He Saved Latin: A Wes Anderson Retrospective

Today, after two delays and more than 17 months since it was set to premier at Cannes, Wes Anderson’s new film, The French Dispatch, is finally being released in cinemas. In order to celebrate this momentous (it is, right? Movies are back, people!) occasion, we take a look back at Anderson’s sprawling, whimsical, and oftentimes biting filmography.

GIF-able Jessica: Saluting TIFF Tribute Actor, Jessica Chastain

Jessica Chastain knows how to make an entrance. The recipient of TIFF’s Tribute Actor Award has only been in the public eye for a decade. However, she’s produced one of the best bodies of work of any Hollywood actor ever during such a period. Chastain was everywhere in 2011 as the Summer of Jessica touched down and gave audiences oodles of face time with one of the most versatile and consistently likeable performers ever to grace the screen. Chastain is pulling…

TIFF 2021: What We’re Most Excited to See

The countdown begins today! With just one week to go until this year’s Toronto International Film Festival kicks off, movie lovers are running out of time to finalize their must-see movie list. Despite a slightly pared-down slate, largely due to COVID-19 restrictions and logistics, there are still close to 200 titles to choose from over the 10 days of screenings. Then there’s the inevitable, yearly dilemma: do you try to see all the buzzed about biggies or set out to…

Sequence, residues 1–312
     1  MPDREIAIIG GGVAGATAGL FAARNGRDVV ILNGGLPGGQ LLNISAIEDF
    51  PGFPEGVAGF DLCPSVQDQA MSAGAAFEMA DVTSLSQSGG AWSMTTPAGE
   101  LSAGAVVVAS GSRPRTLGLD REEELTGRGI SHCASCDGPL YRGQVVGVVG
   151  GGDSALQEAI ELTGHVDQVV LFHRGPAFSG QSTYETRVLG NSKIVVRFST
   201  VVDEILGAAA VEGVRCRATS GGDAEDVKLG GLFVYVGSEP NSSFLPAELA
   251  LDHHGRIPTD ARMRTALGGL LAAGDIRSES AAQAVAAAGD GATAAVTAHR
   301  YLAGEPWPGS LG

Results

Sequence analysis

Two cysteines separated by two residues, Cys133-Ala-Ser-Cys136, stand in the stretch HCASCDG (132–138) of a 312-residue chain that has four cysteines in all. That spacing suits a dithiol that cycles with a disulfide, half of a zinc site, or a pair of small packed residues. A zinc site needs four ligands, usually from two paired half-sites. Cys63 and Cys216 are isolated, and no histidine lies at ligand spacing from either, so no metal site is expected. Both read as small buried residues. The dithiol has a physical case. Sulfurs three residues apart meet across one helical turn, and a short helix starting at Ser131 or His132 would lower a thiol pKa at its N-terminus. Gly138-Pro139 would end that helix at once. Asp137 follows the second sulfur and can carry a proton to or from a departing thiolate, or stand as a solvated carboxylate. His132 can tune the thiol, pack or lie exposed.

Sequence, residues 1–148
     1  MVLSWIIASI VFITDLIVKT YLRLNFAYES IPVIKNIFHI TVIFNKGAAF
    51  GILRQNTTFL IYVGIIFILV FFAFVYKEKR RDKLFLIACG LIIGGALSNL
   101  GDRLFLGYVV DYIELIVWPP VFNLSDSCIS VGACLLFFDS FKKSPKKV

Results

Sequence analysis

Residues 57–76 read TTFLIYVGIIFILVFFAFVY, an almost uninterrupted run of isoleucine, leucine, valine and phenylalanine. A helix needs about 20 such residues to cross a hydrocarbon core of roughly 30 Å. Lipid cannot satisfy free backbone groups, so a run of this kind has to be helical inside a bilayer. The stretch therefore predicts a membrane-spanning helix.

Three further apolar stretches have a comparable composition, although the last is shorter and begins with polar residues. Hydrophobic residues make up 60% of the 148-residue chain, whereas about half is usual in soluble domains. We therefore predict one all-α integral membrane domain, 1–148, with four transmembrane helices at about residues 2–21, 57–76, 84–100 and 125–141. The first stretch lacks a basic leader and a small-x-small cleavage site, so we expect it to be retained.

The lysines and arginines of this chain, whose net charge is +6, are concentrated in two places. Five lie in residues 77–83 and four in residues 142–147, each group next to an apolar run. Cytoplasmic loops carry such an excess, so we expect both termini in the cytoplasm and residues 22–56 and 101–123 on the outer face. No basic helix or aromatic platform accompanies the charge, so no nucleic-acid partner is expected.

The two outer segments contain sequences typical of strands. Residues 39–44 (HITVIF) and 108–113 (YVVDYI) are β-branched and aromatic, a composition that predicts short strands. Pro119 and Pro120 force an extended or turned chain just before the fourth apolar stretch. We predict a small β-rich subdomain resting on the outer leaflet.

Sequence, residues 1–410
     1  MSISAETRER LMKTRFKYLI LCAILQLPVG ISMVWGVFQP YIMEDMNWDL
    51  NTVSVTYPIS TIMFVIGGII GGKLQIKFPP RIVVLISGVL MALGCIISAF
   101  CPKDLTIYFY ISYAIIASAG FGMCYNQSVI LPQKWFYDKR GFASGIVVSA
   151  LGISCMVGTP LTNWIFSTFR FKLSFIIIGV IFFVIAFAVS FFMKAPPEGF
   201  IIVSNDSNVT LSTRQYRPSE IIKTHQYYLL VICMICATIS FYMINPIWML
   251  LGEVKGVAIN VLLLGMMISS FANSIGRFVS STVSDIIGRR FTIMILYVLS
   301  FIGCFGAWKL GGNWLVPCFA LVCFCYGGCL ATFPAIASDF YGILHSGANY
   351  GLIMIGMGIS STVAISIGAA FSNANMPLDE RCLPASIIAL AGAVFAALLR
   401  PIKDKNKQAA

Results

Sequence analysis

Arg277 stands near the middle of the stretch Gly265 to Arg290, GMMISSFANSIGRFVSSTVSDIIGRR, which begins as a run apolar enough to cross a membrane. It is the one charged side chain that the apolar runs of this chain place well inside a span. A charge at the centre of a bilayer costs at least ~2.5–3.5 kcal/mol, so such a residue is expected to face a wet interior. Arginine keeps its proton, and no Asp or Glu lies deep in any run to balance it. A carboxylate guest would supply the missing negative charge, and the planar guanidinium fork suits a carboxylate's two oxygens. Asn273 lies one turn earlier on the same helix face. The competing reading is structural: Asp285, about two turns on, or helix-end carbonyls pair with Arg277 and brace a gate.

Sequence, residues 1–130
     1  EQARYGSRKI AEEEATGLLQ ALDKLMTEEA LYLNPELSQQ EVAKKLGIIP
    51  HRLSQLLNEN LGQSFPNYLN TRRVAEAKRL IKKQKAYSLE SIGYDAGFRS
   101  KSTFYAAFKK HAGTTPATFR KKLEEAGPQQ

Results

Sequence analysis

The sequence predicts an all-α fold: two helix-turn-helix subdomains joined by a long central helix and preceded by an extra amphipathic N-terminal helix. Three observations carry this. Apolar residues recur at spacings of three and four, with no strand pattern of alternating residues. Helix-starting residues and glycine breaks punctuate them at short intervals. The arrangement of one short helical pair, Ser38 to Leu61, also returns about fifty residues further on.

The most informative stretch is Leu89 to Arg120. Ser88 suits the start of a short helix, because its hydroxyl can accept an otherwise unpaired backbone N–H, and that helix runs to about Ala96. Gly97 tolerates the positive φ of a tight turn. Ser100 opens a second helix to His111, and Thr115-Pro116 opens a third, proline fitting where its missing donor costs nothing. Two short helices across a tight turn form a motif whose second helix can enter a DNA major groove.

The Criterion Shelf: Directed by John Huston

One has a tough time deciding what theme or style to associate with director John Huston (1906-1987). However, one thing that stands out when taking in a number of his films at once is his lack of faith in happy endings. In one of his best works, Heaven Knows Mr. Allison, the American flag that is raised in the final scene doesn’t find its pride of place in the centre of the widescreen frame as a beacon of patriotic glory. Instead, it…

With Friends Like These: Stand By Me at 35

As the old adage goes, wine gets better with age. Sugars, acids and substances known as phenolic compounds (including tannins) perform complex chemical reactions, which result in very expensive bottles of what is essentially grape juice. Temperature, humidity, and, of course, time are also key factors in the final product. Oxygen is bad. Bottles have to be kept cool, but not cold. Humidity and The Cork go hand in hand. This is all a very complicated process.